Formerly blessed beyond measure, Job's trials drove him to a a despair that caused him to wish he had never existed. "Job spake, and said, Let the day perish wherein I was born, and the night in which it was said, There is a man child conceived. Let that day be darkness; let not God regard it from above, neither let the light shine upon it" (Job 3:2-4).
The Lord Jesus Christ also experienced a heart so ravaged by sorrow that He cried out into the forlorn darkness - "My God, My God, why hast Thou forsaken Me?!" (Matthew 27:46).
Both men experienced a brokenness of heart that far outweighed their physical agonies. The primary cause of such grief involved the loss of family. In Job's case, the children whose spiritual welfare so concerned him apparently suffered the Divine chastening their father had long feared (Job 1:4-5). He likely believed their deaths to have been the judgment of God, not knowing that God's enemy Satan actually perpetrated the tragedy that took their lives. "The thing which I greatly feared is come upon me, and that which I was afraid of is come unto me" (Job 3:25). Recall in the narrative that the only fear Job expresses before his troubles involved the possibility that his sons may have cursed God during their frequent feasting. Thus, Job likely perceived the heartbreaking loss of his offspring as the judgment of God upon his sons, and as the result of God rejecting the religious sacrifices Job made to defer such Divine wrath. Again, this was not actually the case, but Job may well have believed it to be. "The arrows of the Almighty are within me, the poison whereof drinketh up my spirit: the terrors of God do set themselves in array against me" (Job 6:4).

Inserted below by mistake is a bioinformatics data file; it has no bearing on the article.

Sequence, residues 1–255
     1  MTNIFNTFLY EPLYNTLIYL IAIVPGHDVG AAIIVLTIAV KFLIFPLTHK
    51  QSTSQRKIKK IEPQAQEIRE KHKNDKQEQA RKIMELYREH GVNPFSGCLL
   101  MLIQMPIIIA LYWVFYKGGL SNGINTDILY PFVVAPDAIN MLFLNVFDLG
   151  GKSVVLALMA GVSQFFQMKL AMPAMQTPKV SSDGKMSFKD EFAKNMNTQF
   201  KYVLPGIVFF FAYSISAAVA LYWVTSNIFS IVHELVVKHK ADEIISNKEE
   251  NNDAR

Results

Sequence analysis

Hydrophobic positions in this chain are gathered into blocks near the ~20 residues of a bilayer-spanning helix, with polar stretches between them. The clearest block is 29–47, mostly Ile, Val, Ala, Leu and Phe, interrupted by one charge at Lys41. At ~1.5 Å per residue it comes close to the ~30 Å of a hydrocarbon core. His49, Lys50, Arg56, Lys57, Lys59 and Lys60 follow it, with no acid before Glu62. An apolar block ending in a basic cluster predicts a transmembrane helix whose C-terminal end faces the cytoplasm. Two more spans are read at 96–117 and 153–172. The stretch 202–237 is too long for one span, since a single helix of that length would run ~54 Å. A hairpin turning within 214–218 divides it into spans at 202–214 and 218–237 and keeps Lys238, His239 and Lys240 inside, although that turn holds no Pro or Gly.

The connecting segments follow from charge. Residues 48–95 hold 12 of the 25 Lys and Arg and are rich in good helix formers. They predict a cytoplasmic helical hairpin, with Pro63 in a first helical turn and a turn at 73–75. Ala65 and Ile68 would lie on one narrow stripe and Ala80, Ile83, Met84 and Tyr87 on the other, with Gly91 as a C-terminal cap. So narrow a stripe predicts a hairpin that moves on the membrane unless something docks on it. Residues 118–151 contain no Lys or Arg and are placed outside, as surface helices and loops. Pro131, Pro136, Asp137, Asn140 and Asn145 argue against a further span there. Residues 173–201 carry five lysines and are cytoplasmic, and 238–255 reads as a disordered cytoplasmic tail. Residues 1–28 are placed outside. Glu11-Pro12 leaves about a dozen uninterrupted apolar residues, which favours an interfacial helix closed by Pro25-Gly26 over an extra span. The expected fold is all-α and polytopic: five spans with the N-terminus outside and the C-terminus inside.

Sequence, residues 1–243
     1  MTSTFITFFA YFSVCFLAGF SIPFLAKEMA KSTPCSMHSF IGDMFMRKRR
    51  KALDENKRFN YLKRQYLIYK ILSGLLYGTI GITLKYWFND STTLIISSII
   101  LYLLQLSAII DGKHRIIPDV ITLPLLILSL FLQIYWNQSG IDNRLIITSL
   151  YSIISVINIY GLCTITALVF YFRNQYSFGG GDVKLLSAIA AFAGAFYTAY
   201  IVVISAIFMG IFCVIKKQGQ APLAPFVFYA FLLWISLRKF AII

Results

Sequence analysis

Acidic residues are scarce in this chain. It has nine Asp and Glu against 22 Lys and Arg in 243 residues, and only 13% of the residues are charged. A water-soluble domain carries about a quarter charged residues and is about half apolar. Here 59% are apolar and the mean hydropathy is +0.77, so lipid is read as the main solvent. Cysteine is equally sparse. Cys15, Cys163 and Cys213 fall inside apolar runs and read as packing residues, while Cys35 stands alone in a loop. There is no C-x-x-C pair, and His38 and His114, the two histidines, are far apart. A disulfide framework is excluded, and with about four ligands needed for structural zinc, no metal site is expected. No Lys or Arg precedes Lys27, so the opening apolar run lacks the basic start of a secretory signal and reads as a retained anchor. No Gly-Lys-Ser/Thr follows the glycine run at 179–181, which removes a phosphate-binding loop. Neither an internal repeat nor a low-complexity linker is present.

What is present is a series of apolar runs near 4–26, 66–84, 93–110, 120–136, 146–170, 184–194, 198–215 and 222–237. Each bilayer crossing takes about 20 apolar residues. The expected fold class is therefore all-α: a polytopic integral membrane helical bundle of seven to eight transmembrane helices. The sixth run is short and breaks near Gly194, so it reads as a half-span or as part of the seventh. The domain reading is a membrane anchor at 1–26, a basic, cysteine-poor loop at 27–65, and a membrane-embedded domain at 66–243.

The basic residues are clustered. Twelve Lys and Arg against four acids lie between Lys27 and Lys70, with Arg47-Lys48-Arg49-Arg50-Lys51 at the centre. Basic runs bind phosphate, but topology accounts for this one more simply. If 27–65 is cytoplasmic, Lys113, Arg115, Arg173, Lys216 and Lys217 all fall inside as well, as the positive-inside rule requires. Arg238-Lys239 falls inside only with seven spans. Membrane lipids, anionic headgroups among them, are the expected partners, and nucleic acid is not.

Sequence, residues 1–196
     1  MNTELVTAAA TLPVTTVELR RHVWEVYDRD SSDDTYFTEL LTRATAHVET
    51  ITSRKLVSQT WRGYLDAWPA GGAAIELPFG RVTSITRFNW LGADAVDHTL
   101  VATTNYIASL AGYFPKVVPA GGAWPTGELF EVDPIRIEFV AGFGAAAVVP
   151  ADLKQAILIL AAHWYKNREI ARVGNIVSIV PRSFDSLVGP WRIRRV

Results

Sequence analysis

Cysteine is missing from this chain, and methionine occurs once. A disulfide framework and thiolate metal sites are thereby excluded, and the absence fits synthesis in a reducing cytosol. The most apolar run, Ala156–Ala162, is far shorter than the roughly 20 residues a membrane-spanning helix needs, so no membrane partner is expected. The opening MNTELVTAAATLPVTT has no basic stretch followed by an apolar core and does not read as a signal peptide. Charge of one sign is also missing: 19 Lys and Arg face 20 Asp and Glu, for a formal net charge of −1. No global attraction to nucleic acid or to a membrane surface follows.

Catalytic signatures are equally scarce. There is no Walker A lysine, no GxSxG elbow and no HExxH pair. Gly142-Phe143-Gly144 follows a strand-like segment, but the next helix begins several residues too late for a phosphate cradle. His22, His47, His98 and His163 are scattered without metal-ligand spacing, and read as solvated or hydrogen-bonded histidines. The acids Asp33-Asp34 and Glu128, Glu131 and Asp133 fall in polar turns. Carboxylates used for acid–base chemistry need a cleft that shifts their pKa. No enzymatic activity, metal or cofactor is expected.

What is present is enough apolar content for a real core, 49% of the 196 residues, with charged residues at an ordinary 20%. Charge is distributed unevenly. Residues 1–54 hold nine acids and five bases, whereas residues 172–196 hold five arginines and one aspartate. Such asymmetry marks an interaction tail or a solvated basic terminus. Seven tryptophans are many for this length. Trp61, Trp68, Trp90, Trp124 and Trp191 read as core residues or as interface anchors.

The Lord Jesus knew the same loss of family, but on a far greater scale. Moreover, His suffering on the cross of Calvary actually involved the judgment and wrath of God. Rather than experiencing His Father's love and the abiding presence of the Holy Spirit, our Savior felt the pain of being "smitten of God," and the agony of abandonment by Those from whom He had eternally known only affection, devotion, and perfect fellowship (Isaiah 53:4). No heart has ever been so broken because no other being lost the reality and relationship of perfect love. Indeed, as terrible as were Job's sorrows of loss, they do not compare with the agonies of Calvary and the Christ who died alone there for our sakes. As the hymn writer beautifully and somberly depicts, "But none of the ransomed ever knew how deep were the waters crossed, nor how dark was the night the Lord passed through e're He found His sheep that was lost" ("The Ninety and Nine," Elizabeth Clephane).
We grieve with and for Job as we read his narrative. We also recognize that his losses foreshadow Another who would suffer sorrow on a far greater scale and in a far deeper measure. We cannot know the depth of such brokenness of heart in our Lord Jesus, but we can believe. And we can bow in adoration, praise, and thanksgiving in this moment and forevermore for so great a sacrifice by so great a Savior…
"Wherefore Jesus also, that He might sanctify the people with His own blood, suffered without the gate... By Him therefore let us offer the sacrifice of praise to God continually, that is, the fruit of our lips giving thanks to His name."
(Hebrews 13:12; 15)
Weekly Memory Verse
And the Lord direct your hearts into the love of God, and into the patient waiting for Christ.
(II Thessalonians 3:5)